Independent forecourt traders and c-store operators based in petrol stations are staring down the barrel of a gun as the price of fuel continues to soar to record levels.
Pump prices this week rocketed to an average of 95p per litre for unleaded petrol, although some forecourts have broken the £1-a-litre barrier.
Now there are fears that independent c-stores attached to petrol forecourts could be among the biggest losers as motorists are turned away by high pump prices and head for cheaper prices at supermarkets.
There are also concerns that independent retailers may still be forced to hike their prices further as the world price of oil threatens to continue rising.
Ray Holloway, director of the Petrol Retailers Association, said that retailers had no choice but to increase their prices.
“They have to ride out the storm and price increases are the only way to do this,” he said.
“As the prices go up, the profits come down and retailers are having to plough much more money into their businesses.
“Supermarkets are able to cover part of the cost of fuel operations through their store business but independents can’t.”
Holloway pointed out that 600 independent forecourts were forced to close last year and warned that many more were expected to have to close this year.
Almost two thirds of retailers involved in Dawson News’ focus groups say they have noticed a difference in the newspaper and magazine wholesaler’s service in the past year. Innovations introduced by the company include a scanning system for returns in all its magazine branches and a similar system tracking magazines from depot to shop.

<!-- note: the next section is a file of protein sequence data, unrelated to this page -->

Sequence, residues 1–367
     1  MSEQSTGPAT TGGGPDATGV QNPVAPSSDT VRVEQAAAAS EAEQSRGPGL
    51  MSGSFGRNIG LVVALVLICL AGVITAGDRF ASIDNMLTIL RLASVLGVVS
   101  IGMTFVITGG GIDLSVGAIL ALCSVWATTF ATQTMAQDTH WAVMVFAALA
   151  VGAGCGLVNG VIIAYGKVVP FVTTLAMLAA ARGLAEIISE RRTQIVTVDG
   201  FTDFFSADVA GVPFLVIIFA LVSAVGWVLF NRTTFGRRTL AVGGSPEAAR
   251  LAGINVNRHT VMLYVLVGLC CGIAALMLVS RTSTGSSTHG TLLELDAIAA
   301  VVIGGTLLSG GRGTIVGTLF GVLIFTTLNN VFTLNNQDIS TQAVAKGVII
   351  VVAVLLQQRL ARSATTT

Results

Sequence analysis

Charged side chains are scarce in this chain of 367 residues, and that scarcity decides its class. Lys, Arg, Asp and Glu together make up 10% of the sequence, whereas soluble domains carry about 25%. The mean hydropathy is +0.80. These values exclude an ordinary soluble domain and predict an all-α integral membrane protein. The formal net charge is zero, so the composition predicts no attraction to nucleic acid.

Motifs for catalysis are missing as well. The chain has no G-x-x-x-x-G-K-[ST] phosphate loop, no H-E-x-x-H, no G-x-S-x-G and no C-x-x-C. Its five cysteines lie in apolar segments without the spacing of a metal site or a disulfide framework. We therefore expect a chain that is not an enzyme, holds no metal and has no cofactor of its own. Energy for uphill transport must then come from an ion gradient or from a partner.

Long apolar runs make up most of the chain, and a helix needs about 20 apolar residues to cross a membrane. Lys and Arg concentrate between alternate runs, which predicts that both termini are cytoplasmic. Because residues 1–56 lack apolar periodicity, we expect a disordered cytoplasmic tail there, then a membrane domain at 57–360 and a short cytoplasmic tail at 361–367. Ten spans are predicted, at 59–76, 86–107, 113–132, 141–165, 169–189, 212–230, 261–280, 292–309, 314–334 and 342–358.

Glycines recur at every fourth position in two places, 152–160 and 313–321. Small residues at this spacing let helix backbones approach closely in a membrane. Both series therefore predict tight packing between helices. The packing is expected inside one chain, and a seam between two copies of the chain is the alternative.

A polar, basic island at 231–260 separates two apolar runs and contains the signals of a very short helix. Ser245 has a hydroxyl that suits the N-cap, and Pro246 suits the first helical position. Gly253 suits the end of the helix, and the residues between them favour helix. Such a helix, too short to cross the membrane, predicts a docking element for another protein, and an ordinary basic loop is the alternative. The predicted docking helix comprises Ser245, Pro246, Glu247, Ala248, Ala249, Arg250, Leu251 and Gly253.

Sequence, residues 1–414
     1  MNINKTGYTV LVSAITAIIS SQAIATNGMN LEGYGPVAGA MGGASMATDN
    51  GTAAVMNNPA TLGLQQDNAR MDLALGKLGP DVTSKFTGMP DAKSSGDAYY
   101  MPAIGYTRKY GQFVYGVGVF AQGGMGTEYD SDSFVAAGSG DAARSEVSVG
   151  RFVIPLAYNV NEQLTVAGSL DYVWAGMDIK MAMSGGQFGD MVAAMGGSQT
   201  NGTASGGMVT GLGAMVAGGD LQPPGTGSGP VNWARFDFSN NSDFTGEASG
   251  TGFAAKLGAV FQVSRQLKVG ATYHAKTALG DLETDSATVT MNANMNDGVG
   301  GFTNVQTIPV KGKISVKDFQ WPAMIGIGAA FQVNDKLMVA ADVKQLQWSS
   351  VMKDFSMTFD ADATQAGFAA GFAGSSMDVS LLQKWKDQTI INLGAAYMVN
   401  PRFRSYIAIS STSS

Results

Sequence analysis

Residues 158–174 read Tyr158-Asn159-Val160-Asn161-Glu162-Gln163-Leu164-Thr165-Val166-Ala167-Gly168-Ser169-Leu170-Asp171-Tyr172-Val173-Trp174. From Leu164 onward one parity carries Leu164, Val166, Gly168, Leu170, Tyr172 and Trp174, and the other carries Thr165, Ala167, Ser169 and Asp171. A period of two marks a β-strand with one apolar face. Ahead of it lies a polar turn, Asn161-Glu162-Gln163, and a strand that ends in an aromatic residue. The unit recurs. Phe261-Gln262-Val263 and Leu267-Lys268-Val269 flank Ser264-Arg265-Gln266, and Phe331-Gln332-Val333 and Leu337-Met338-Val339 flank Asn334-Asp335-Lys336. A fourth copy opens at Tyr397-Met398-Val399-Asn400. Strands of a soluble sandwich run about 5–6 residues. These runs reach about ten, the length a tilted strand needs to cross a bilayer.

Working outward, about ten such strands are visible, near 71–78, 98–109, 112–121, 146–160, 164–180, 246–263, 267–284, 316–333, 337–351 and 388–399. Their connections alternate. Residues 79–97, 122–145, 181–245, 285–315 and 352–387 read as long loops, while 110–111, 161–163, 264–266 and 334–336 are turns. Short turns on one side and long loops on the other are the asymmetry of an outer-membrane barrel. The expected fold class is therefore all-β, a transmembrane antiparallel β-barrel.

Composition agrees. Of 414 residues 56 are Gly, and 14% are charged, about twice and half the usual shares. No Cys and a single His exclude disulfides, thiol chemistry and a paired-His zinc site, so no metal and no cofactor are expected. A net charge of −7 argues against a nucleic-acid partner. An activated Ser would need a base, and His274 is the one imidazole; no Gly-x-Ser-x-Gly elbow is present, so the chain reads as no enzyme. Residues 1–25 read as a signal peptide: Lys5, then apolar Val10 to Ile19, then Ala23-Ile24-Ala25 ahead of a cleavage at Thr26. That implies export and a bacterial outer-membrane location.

Off-licence chain Wine Cellar is rolling out its Simply Food & Drinks convenience format to 11 former Booze Buster stores averaging 800 sq ft in size. A total of 152 other Booze Buster shops are being targeted for the new format.

It is only a matter of time before the UK suffers another major food scare on the scale of Sudan 1, according to a food safety expert. Speaking at the Chartered Institute of Environmental Health in Cardiff this week, Himmat Rai, director of Sentinel Safety Solutions, said manufacturers, processors and distributors were not taking the issue seriously enough. “Given that even a small-scale recall may cost £500,000, it is surprising that many businesses fail to plan for it.”

United Biscuits, maker of McVitie’s biscuits and KP nuts, reported a 15.7% increase in profits from £64.9m to £75.1m in half-year results to July 16. Turnover rose 6.3% to £613.2m.

Premier Foods says it is making “significant progress” in clearing up after February’s Sudan 1 product recall. The group said it had conducted a comprehensive ingredient risk review, introduced enhanced testing and changed some of its sourcing. Releasing interim results for the six months to July 2, it said total group sales had decreased by 3.9% to £409.2m. Pre-tax profit jumped from £200,000 to £18.3m.
Beth Brooks
Good for dawson
Booze roll-outs
food scare warning
United profits up
Premier progress